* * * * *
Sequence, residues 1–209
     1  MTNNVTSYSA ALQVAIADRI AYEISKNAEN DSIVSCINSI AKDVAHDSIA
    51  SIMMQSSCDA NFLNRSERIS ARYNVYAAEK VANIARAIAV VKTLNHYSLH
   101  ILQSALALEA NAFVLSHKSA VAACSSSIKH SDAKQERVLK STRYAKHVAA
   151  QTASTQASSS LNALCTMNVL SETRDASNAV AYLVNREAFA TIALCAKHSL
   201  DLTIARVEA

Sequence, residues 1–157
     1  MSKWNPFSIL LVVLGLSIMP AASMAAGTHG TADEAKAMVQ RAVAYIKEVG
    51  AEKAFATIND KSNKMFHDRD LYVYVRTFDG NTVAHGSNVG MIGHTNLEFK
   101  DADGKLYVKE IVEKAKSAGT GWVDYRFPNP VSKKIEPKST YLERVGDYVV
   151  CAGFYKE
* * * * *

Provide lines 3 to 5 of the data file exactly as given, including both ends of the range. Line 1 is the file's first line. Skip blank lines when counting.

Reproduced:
    51  SIMMQSSCDA NFLNRSERIS ARYNVYAAEK VANIARAIAV VKTLNHYSLH
   101  ILQSALALEA NAFVLSHKSA VAACSSSIKH SDAKQERVLK STRYAKHVAA
   151  QTASTQASSS LNALCTMNVL SETRDASNAV AYLVNREAFA TIALCAKHSL